It is coming up to the time of year when people are making resolutions.  One of the big ones in churches is to read the Bible through in a year.  So perhaps you are thinking of encouraging people to do this by suggesting a reading plan.  Here’s where I am going to tread on some special toes.

 “I don’t think the Robert Murray M’Cheyne reading plan

is a good idea.”

There, I said it.

His plan, which is still widely promoted by various big names, essentially involves reading four chapters per day.  This takes people through the whole Bible plus a bit of repeating (NT & Psalms, I think) in a year.  I think it is great to help people get into the Bible, and I know many have been helped by it, but I don’t think this is the best way to go.

Essentially the problem with the plan, and others like it, is that the reading is segregated.  So readers start in Genesis, Ezra, Matthew and Acts all on day one.  I don’t want to stir up a sanctified riot, but I don’t think this is a good idea.  Why not?

1. It treats the Bible chapters as vitamin pills rather than the feast that they are.  That is, it creates a sense of “balance” without encouraging readers to really savour the taste of the text as it flows.

2. It hinders the reader from reading the text in context.  In a busy life it is hard enough to keep track of one flow of thought, let alone four.

3. It doesn’t encourage the reader to get “in the zone.”  I don’t know anyone that would advocate reading four novels at a time, a page from each, each day.  How much better to invite people beyond the first few minutes of distracted reading and into the zone where they get gripped by the narrative and don’t want to put it down?

4. It promotes a tick-box approach to Bible reading as a discipline, rather than an overt opportunity to engage with God’s heart as revealed in the epic revelation.  So many people view Bible reading as a laborious discipline that they must force themselves to do.  But the people I know who delight in the Bible tend to be people who devour it, rather than dipping into it.

Suggestion?  Why not encourage and invite people to read the Bible aggressively and relationally, as if God has a personality and is personal.  That is, by reading His Word with a passion to know Him, readers/listeners might get to know His personality and grow in their personal relationship with Him.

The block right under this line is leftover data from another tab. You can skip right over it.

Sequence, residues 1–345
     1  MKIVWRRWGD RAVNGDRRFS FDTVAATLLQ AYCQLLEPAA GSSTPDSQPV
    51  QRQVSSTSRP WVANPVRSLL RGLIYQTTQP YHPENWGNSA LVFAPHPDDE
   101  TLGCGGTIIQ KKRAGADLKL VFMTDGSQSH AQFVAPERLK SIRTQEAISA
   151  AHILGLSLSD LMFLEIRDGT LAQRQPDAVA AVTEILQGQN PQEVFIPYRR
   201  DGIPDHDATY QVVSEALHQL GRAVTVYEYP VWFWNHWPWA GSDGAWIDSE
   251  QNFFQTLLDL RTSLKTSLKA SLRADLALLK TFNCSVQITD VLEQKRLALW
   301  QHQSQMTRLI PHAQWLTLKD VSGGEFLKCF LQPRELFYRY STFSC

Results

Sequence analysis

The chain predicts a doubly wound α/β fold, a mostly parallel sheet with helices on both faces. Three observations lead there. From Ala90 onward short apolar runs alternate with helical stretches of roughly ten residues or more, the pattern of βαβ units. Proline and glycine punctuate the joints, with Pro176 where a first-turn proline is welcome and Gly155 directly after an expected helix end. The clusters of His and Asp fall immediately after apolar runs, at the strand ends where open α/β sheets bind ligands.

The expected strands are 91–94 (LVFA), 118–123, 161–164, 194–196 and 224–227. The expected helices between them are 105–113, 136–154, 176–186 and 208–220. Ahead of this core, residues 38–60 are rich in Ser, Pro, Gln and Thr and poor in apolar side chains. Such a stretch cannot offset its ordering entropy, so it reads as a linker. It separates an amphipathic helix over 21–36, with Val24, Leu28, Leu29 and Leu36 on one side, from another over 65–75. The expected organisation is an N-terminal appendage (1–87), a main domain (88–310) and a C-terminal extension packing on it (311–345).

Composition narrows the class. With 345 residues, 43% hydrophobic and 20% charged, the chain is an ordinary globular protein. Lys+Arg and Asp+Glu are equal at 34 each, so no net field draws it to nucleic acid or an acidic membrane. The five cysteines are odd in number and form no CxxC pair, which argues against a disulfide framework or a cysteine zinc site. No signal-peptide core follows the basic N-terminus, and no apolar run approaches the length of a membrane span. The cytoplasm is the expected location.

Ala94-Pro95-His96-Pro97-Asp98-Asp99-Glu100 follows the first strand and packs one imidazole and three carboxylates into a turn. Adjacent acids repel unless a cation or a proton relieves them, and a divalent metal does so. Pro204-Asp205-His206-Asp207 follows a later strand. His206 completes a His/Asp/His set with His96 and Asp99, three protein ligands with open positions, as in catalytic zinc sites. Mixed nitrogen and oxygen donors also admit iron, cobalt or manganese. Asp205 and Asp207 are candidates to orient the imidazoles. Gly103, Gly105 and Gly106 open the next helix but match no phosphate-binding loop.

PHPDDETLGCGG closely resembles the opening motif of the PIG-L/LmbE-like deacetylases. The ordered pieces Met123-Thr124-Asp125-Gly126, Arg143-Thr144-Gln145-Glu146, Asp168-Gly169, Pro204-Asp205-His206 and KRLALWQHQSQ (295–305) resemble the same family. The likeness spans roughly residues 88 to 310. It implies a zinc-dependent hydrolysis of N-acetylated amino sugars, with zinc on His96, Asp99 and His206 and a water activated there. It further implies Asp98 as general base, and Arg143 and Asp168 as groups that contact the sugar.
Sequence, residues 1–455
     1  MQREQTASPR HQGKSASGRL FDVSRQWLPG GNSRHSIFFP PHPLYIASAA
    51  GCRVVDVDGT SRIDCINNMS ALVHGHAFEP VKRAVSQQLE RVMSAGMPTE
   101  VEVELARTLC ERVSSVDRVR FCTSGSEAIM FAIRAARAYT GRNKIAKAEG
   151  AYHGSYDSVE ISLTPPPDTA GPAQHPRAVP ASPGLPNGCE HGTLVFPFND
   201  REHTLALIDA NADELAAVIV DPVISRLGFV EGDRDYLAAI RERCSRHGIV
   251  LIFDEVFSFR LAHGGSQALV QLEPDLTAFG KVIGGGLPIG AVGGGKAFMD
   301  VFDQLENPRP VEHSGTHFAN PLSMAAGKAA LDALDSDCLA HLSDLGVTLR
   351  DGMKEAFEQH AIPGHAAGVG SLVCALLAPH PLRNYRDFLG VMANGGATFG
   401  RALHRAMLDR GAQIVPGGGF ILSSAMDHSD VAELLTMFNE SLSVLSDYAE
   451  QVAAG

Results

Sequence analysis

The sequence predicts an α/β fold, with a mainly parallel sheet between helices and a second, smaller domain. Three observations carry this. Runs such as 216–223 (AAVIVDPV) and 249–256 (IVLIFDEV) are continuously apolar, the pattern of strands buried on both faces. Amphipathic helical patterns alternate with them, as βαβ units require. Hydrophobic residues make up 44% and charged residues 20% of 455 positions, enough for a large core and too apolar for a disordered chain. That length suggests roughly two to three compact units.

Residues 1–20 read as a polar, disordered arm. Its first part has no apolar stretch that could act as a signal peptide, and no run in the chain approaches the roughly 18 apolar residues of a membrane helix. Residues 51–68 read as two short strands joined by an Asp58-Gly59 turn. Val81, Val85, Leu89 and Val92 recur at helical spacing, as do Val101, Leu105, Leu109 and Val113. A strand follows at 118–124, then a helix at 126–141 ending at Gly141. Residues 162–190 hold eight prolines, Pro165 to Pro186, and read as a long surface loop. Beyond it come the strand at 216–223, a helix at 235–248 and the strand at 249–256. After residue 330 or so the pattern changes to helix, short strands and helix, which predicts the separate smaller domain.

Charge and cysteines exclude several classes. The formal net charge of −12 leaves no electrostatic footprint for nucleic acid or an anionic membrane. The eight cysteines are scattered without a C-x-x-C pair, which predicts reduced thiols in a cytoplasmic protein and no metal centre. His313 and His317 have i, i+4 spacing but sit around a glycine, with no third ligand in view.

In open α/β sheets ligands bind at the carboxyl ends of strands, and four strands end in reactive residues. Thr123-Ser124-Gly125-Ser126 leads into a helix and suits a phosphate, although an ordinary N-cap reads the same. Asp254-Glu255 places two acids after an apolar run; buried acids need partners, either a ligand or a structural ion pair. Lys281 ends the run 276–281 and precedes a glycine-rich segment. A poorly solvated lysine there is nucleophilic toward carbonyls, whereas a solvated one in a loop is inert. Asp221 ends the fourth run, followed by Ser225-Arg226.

Perhaps it is worth pondering how to encourage people by enthusiastic invitation, rather than by affirming the “difficulty” and “trudgery” of “getting through the Bible” in a year or three.  Here is a link to my friend Ron’s article on Bible reading – as “Bible presenters” lets be sure to be genuine Bible enthusiasts that do more than try to fire up the so-called disciplined wills of our listeners!

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But They Know Actual People

It seems inevitable that a biblical ministry that brings the message of the Bible to people in this world will frequently have to engage with sin.  If you have figured out how to preach only positive messages, then you probably should preach from more than the first couple and last couple of chapters!  So as we preach we address sin.  Here’s my one point for this post, although much more could be said on numerous levels, of course: sometimes we can make reference to certain sins in the abstract, but f0r some listeners these things are not abstract.  We may speak about the sin, but they know actual people who engage in that sin.

For example, it is easy to zoom in on the sin of a certain addiction or behaviour.  From your perspective what you say is fine.  You are looking out at a broken world and speaking about it, hopefully using biblical support for what you say.  But some of the people listening aren’t working in the abstract.  They are wrestling with the issue themselves.  Or they have a friend or relative who is caught up in it.  They know the back story.  They don’t want to excuse the sin, but they feel for the person entangled in it.

What to do?  One approach would be to tread softly around all issues, never get specific, always speak happy thoughts in abstract and vague ways.  Doesn’t sound like the best approach when you’re reading the Bible and seeing God’s spokesmen in action, does it?  Perhaps the better approach is to address whatever issue and instead of saying less, say slightly more.  Sometimes just including an acknowledgment of listeners’ feelings and the complexity of sin makes all the difference.  For example, avoiding the obvious ones so we don’t get distracted from the point of the post, perhaps you are addressing the sin of eating peanuts (and have biblical support for your position!)  You might have said some things already about the prevalence of this addiction, but then maybe you include something like this:

“Perhaps you know someone who struggles with this.  You know what the Bible says, but you also know them and you care about them.  You know what they’ve gone through in recent years, or how they were hurt by that failed relationship, or the scar left by their absent father.  This is not some sort of abstract issue for you because as soon as it is mentioned you see their face.  I understand that.  We live in a broken and hurting world filled with real people with real stories.  Sin is real and it hurts.”